One of my favorite examples is to show the caloric density of certain gourmet raw food items and the caloric density of the foods they are trying to imitate. In most cases, the raw food has over twice the amount of calories and several times the amount of fat.

Of course there are other things to consider besides just fat and calories when it comes to food, but this does point out the significance of calorie density when it comes to our health and waistlines.

Check out this great clip of Jeff Novick explaining all about calorie density and you’ll learn:

• The difference between caloric density and caloric volume, and how this affects your health
• Why some foods are so easy to overeat on
• How the volume and total weight of the food you eat plays a role in feeling satisfied
• What causes a food to be more or less calorie dense
• How you can eat more and weight less

Learning about calorie density is an eye-opener for many people, especially when they understand why two plates of foods can look the same in volume but be dramatically different nutritionally.

That doesn’t mean you have to completely avoid calorie-dense foods. Nuts, seeds, avocados, and coconuts are all very concentrated foods, but they can still be included in smaller amounts in a healthy diet.

If you wish to lose weight:
Eat ONLY caloric dense foods.


Caloric Density Per Pound

Fresh raw or cooked veggies 100
Fresh raw fruit 250-300
Cooked Starchy Vegetables, Intact Whole Grains 450-500
Legumes and Beans 550-600
Meat Products 900-1000
Dried Fruit 1200
Processed grains and Flours (even if made from whole grains) 1200-1500
Cheese 1800
Nuts and Seeds 2800
Cheese 1800
Oil 4000


Keep in mind that this is an average across a category. For example, we know that bananas contain more calories per weight than apples, but overall fruits have a similar caloric density.

Looking at this table, you’d be tempted to only eat vegetables, as they contain only 100 calories per pound. It’s important to note that nobody can live on just vegetables, and that you’d get so hungry on a diet of just vegetables that you’d eventually break down and eat something else! However, you want your diet to contain plenty of raw vegetables by weight.

The concept of caloric density is to look at the overall caloric density of your meals.

If the caloric density of your food is below 400 calories per pound, you will lose weight no matter what you do!

If you wish to gain weight: increase the caloric density of your food by eating fewer water-rich foods and more concentrated, caloric-dense foods.


70% off on the Perfect Health Program. Use coupon code: PERFECT0716

Last February I attended the live event organized twice a year by Dr. John McDougall, where he invites scientists from all over the world to share the latest findings in nutrition.

I always come from those weekends invigorated with new information.

One of the highlights of the weekend was the presentation by Dr. Michael Greger.

Check out this video, that was shot during the weekend. You’ll discover interesting facts:

– How beef causes more diabetes and more insulin spike than carbs (including potatoes)
– What’s the REAL cause of insulin resistance and diabetes
– Why fat causes twice the blood sugar spike

NOTE: My product “How to Eat Well for Under $100 a Month on a Plant Based Diet” is on sale for the next two days. As long as you use the coupon code MAY7 upon checkout, you’ll get a $20 discount. Go here:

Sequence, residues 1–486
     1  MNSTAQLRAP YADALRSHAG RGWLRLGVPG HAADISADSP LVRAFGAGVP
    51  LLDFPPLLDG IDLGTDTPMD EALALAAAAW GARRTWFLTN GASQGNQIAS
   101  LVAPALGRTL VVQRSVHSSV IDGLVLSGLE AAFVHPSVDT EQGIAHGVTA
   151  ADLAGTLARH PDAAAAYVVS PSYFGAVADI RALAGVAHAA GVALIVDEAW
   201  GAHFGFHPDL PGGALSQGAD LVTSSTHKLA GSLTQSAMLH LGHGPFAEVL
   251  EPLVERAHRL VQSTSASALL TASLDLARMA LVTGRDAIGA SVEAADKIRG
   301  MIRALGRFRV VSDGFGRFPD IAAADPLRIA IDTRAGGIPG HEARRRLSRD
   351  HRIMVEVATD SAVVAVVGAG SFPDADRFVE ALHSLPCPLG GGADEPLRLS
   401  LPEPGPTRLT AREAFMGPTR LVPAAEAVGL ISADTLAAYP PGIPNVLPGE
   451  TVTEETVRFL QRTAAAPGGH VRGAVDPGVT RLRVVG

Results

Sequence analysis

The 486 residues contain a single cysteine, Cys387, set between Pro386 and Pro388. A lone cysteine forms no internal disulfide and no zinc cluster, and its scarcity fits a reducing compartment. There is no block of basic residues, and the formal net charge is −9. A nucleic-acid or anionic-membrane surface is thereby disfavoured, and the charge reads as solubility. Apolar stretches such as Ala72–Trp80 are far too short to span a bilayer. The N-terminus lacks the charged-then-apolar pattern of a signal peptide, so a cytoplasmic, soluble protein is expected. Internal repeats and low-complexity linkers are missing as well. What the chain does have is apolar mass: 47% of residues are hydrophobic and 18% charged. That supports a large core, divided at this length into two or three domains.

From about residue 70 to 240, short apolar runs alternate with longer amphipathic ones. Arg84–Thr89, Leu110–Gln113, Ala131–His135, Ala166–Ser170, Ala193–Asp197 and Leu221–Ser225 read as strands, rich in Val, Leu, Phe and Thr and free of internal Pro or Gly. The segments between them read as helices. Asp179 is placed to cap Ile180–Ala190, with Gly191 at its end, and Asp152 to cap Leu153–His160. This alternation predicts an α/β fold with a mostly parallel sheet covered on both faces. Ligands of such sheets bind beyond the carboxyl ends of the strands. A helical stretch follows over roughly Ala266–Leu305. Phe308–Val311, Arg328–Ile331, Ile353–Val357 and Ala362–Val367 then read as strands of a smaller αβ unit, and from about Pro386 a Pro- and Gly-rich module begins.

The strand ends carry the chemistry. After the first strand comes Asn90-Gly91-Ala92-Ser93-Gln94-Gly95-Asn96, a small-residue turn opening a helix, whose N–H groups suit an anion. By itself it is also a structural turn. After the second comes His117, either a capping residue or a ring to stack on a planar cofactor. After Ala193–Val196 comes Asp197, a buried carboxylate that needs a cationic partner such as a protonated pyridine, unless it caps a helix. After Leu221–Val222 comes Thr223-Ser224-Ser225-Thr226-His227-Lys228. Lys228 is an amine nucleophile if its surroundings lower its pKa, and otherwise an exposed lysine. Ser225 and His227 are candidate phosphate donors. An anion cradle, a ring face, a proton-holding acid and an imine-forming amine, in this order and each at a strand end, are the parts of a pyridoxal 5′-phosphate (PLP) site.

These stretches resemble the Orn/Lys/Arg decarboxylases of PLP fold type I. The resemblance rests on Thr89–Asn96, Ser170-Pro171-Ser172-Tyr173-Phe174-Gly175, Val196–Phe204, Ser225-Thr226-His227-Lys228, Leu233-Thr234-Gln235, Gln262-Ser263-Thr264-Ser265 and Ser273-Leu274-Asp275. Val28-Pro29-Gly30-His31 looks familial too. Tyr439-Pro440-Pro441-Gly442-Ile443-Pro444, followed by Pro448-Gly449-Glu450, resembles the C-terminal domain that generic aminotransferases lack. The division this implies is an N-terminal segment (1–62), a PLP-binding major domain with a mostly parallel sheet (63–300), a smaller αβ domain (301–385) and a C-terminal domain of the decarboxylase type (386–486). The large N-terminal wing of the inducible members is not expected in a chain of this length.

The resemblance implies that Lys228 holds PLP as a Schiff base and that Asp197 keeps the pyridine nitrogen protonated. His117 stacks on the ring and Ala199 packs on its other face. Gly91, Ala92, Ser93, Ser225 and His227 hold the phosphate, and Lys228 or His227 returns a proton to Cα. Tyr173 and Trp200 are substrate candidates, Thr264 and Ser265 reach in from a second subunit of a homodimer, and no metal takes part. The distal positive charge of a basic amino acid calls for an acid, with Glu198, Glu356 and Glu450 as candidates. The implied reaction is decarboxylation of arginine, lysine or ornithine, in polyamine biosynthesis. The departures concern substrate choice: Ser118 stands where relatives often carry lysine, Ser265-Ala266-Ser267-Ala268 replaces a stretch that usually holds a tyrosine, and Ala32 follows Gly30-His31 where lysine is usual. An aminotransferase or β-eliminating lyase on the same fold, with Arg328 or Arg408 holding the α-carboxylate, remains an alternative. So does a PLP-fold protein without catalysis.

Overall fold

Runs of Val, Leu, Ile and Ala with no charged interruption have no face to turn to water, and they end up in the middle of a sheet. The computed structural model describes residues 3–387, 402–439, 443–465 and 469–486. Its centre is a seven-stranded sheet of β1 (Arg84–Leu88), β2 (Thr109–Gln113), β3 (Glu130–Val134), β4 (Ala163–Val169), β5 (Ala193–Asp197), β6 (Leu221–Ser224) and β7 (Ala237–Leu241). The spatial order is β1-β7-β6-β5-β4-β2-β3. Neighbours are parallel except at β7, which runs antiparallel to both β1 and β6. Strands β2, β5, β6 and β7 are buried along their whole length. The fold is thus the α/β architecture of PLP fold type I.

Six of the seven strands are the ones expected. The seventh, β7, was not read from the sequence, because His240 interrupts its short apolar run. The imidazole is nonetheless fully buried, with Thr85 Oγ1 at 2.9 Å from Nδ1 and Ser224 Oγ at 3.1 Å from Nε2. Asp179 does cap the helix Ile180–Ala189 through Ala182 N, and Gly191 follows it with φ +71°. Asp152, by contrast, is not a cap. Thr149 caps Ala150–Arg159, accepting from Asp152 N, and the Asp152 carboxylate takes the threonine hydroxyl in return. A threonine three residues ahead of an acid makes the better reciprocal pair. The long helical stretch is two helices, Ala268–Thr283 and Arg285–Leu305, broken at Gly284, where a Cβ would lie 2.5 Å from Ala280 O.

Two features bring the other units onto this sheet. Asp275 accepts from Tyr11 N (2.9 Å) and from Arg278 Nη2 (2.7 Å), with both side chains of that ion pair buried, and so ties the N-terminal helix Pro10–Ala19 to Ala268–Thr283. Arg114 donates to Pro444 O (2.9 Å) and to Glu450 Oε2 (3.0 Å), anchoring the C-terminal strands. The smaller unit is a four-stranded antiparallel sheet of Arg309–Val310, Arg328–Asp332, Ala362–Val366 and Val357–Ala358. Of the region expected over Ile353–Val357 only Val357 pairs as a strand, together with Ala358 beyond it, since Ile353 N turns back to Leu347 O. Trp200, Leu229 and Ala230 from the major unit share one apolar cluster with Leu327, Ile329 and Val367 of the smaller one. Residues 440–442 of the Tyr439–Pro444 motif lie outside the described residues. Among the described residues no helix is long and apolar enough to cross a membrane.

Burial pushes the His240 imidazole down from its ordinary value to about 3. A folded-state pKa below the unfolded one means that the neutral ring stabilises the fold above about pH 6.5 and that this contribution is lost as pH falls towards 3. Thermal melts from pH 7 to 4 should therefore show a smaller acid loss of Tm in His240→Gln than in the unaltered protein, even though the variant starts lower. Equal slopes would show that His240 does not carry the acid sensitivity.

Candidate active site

By the way, sorry about the use of the word “shit” but that’s actually a trend right now on YouTube. It basically means, crazy stuff certain groups for people say.

By the way, it’s supposed to be a joke! But of course, if you read between the lines, there’s truth behind this.

And to clarify for the 1000th time, I am NOT 100% raw.

Shit Raw Foodists Say

Shit Raw Foodists Say, Part 2

If you’re tired of the raw food confusion, read this:

This is a quick video I did last month in New Zealand, hiking on top of Avalanche Peak near Arthur’s Pass on the South Island. The scenery was amazing, and I realized that to get energy on a hike, you must eat these foods. Check it out:

Want to succeed on a raw food diet? You got to get some massive raw food action going! Check out this video:

I have an incredible interview to share with you today with John Fielder. John is 80 years old, and has been a raw-foodist for over 50 years. He’s an expert in fasting and natural healing. In this first video, John talks about the ideal diet and what’s the best way to stay healthy. Stay tuned for the other videos.

Also some breaking news… I will be on Kevin Gianni’s GREAT HEALTH DEBATE against Mark Sisson, the Primal Diet. I will be promoting vegetarianism and a fruit-based diet and promise to demolish my opponents! The Great Health Debate is THE raw food event of the year. And best of all, it’s free.

In case you don’t know, Kevin Gianni, the guy who put together the Rawkathon a few years ago, is back in action with a new giant online live event. It’s called “The Great Health Debate!” He’s invited some of the biggest health experts to “battle” against each other to present different points of view, either pro-vegetarian or pro-animal products.Other controversies will be addressed as well.

The experts include: T. Colin Cambell (China Study) David Wolfe, Dr Fuhrman (Eat to Live),  Dr. Robert Young, Daniel Vitalis (raw meat guy), Dr. Alan Goldhammer, and many others. A lot of people initially complained that Kevin didn’t have anybody to represent the “high-fruit” raw diet.After much thought and consideration, Kevin decided to choose yours truly to go up against Mark Sisson, author of the Primal Blueprint.

I will be presenting my side of the story essentially promoting a vegetarian diet with lots of fruit, while Mark promotes a low-carb diet with lots of animal foods and few fruits. This will be a very interesting event… and best of all Kevin is doing it for free. If you’re not signed up already, make sure you do so by clicking here.